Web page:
A young ur­ban ex­plorer takes to the rooftops, cam­era in hand.

The Star Malaysia - Star2 - - HOBBIES - By VIC­TO­RIA SOFIA star2@ thes­tar. com. my

FOR Ibnu An­war, rooftops are his play­ground. We’re not talk­ing about a two­s­torey house rooftop, but tall sky­scrapers or any build­ing’s rooftop where he can get a good view of the city.

Armed with a cam­era, the thrill- seeker is on a mis­sion to con­quer some of the tallest sky­scrapers in the world. So far, he has been on St Stephen’s Basil­lica in Hun­gary, 12- e Heroes of Stal­in­grad Ave, Ukraine, The Ad­dress Ho­tel Dubai and Bris­tol Ho­tel de Buenos Aires, Ar­gentina.

Born and raised in Kuala Lumpur, 30- year- old Ibnu An­war ( whose real name is Mohd Tarmizi Mohd An­war) has a unique pas­sion for rooftop­ping.

For the unini­ti­ated, rooftop­ping is a con­tro­ver­sial prac­tice of scal­ing sky­scrapers to take dizzy­ing pho­to­graphs. De­spite its ob­vi­ous dan­gers and risks, there is a grow­ing num­ber of en­thu­si­asts – some who call them­selves ur­ban ex­plor­ers.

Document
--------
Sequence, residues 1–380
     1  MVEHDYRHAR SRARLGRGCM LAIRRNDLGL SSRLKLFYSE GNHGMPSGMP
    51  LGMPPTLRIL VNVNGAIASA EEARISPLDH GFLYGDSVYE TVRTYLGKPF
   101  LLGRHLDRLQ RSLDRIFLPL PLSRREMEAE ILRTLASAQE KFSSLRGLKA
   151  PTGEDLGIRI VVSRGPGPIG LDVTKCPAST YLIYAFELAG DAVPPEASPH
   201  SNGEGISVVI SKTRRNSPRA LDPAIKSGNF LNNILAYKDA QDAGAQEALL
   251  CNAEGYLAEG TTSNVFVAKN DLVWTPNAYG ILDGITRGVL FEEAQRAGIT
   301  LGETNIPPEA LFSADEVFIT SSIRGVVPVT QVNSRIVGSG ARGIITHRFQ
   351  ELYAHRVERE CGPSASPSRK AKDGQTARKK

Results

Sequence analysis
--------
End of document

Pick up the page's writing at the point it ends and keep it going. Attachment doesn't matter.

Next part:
Sadly, many of these en­thu­si­asts have pushed the en­ve­lope, and seem to be tak­ing in­creas­ing phys­i­cal and le­gal risks in re­cent years. It is, how­ever, not a new pur­suit. A 2015

Guardian re­port sug­gests that rooftop­ping, or “builder­ing”, has been around for more than 80 years, cit­ing a 1937 book called

The Night Clim­bers Of Cam­bridge as be­ing full of pho­to­graphs of ag­ile young men ( ex­clu­sively) climb­ing up drain­pipes, over fences and bal­anc­ing atop the spires of the old col­leges.

For Ibnu An­war, it is thrilling, fun and keeps him fit.

De­pend­ing on his mood and sched­ule, he usu­ally “rooftops” on week­ends with his friends. Cur­rently, he is work­ing as a light­ing spe­cial­ist con­sul­tant in Dubai, United Arab Emi­rates, which has lots of tall build­ings – like the Ma­rina 101 – af­ford­ing panoramic views of the city.

This hobby is more than just a phys­i­cal ac­tiv­ity, it is also a form of ur­ban pho­tog­ra­phy.

Iron­i­cally, it be­gan from a an in­no­cent photo from the top of a new build­ing taken back in 2007, when Ibnu An­war worked as an in­te­rior de­signer at a con­struc­tion site in Dubai.

“It be­came more se­ri­ous and I got addicted to shoot­ing from an­gles above. It was breath­tak­ing,” Ibnu An­war ex­plains.